Socrates and Self-Knowledge.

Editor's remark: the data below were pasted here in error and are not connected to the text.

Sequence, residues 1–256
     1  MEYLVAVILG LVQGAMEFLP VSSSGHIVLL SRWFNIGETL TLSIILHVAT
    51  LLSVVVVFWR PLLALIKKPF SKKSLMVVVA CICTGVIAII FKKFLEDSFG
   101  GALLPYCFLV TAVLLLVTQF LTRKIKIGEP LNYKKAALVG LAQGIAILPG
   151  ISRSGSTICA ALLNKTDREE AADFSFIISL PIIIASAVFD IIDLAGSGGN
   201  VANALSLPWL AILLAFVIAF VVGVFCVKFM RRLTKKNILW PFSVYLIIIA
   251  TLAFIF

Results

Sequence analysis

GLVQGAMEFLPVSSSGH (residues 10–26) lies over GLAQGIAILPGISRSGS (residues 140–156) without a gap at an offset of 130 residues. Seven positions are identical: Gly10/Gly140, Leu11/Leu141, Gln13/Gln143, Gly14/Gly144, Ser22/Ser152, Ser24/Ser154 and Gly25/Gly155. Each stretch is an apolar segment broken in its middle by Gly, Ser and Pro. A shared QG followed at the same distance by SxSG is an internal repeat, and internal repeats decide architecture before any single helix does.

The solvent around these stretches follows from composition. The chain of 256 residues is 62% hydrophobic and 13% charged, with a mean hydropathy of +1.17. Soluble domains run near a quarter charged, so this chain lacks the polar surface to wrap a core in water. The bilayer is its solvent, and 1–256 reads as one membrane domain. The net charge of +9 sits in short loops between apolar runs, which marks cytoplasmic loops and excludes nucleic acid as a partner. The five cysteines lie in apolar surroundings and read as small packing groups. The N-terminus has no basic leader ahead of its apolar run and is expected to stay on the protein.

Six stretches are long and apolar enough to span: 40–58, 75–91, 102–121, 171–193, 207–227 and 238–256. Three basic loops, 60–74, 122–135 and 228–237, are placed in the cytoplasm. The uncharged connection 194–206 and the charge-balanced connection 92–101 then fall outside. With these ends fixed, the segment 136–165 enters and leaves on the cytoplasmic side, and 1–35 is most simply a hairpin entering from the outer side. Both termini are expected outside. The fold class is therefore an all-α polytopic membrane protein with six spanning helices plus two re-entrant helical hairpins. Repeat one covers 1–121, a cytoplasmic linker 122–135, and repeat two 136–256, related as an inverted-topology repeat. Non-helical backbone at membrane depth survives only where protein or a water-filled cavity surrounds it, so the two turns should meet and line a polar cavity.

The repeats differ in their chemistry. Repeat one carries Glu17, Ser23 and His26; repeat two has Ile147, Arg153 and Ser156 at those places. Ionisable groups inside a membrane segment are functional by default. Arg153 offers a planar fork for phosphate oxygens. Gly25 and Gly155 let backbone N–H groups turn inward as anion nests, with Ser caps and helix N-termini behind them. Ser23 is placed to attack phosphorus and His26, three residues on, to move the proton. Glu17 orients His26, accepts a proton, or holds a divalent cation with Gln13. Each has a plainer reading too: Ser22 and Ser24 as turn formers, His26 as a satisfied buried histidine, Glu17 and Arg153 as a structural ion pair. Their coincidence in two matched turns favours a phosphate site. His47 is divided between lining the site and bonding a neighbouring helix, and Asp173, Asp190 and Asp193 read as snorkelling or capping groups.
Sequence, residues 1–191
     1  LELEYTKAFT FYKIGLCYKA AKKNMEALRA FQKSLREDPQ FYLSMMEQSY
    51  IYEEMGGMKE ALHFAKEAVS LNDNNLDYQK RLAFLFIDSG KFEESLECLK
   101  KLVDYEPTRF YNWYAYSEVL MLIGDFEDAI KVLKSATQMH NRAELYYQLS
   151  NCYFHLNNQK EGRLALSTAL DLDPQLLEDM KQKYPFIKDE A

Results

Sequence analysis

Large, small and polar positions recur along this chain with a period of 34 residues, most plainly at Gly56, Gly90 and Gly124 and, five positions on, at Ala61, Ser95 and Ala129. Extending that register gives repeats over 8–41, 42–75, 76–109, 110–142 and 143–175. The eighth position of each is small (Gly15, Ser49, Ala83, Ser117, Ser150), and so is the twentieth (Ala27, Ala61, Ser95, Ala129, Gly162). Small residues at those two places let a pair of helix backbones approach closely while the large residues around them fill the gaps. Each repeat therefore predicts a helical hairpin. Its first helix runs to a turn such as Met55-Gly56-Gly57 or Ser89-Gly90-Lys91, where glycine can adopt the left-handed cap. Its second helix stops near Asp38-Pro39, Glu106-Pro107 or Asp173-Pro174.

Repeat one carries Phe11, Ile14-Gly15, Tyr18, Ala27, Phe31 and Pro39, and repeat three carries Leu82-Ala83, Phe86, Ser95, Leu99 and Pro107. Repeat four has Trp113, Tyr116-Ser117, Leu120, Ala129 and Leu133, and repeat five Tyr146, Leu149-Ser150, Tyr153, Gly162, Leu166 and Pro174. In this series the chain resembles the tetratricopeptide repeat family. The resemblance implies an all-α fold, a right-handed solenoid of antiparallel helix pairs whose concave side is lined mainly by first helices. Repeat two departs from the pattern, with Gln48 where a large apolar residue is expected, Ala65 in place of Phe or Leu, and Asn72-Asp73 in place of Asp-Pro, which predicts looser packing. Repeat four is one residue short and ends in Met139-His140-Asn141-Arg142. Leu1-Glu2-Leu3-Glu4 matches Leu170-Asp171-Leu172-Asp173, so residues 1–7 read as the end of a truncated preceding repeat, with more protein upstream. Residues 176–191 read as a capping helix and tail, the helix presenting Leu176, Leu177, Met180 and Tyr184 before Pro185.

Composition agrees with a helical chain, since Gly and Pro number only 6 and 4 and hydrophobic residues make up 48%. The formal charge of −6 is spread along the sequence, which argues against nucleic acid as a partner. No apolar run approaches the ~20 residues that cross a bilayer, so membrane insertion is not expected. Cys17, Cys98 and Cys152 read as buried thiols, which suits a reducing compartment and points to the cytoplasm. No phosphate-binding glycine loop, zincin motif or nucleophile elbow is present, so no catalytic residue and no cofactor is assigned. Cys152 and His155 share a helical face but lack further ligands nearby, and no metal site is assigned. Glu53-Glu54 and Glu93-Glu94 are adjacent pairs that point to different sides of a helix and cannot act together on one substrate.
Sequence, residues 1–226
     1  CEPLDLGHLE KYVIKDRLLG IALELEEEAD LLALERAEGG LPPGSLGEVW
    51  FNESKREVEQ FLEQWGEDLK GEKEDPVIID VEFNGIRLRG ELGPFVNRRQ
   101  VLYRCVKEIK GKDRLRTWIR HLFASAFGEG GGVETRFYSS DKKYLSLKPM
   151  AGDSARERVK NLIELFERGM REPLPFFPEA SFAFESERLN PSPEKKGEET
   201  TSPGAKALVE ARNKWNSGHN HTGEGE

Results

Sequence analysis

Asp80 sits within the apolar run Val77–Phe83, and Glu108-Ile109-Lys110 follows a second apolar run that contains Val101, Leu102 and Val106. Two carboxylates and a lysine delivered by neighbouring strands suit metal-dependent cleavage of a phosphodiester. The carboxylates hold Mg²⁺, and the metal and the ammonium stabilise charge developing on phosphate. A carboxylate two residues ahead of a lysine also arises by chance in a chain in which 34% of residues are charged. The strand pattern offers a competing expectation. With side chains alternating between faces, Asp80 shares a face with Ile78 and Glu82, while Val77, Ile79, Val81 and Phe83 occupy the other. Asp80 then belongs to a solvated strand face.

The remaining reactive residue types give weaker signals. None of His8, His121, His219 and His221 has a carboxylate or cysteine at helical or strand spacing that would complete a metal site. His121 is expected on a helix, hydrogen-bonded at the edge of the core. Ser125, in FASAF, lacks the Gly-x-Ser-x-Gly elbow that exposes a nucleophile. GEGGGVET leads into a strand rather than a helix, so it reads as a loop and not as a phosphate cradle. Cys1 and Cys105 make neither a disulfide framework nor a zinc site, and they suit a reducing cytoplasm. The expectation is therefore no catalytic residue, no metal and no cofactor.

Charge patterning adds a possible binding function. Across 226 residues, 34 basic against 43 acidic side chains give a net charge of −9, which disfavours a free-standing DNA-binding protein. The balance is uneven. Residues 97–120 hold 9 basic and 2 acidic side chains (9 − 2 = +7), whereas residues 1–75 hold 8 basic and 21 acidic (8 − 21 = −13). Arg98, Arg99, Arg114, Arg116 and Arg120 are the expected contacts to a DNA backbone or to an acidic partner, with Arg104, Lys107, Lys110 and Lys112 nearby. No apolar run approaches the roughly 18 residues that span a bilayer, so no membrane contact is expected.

Cambridge University Press, Cambridge (....), 2017. 1st paperback ed. XVII,275p. Paperback. ‘Where does the ’gnôthi sauton’ come from, and what exactly doet it mean? How does one respond to this command, and what differences does it make? In ‘Socrates and Self-Knowledge, Christopher Moore takes up these weighty questions, arguing that ‘gnôthi sauton’ touches the heart of the Socratic project. Many scholars have resisted this claim, which is a challenge Moore surmounts in his Introduction (Chapter I). In terms of scope, Moore limits himself to Socratic literature that explores self-knowledge explicitly in connection with the Delphic precept (xiv). Naturally, this delimitation excludes several key Platonic texts (‘Republic’, ‘Theaetetus’) and includes some of Xenophon’s corpus. Although prepared from the Preface, this shift from Platonic to Xenophontic sources may feel lopsided. The penultimate chapter on ‘Memorabilia 4.2, for example, seems scanty (19 pages, 16 footnotes) when compared to Moore’s robust reading of the ‘Phaedrus’ (48 pages, 93 footnotes). Far from flagging a limping finish, however, this distribution actually reflects the extent of Moore’s interpretive success. By laying solid foundations and tackling the toughest questions early, his argument comes to a smooth, easy landing. Moore’s unique contribution is to privilege the importance of self-constitution in Socratic self-knowledge. The self that we must know cannot simply be discovered; it must be actively constructed through serious reflection and continuous examination with conversation partners. The dialogue form aptly serves this Socratic pedagogy. Instead of doling out easy answers, Socrates cultivates in his interlocutors an awareness of and responsibility for their deepest convictions and commitments. In terms of analysis, Moore reads the relevant socratic texts as consistently working though the challenges posed by the Delphic precept.’ (BRYAN Y. NORTON in The Classical Journal, 2018, p.506).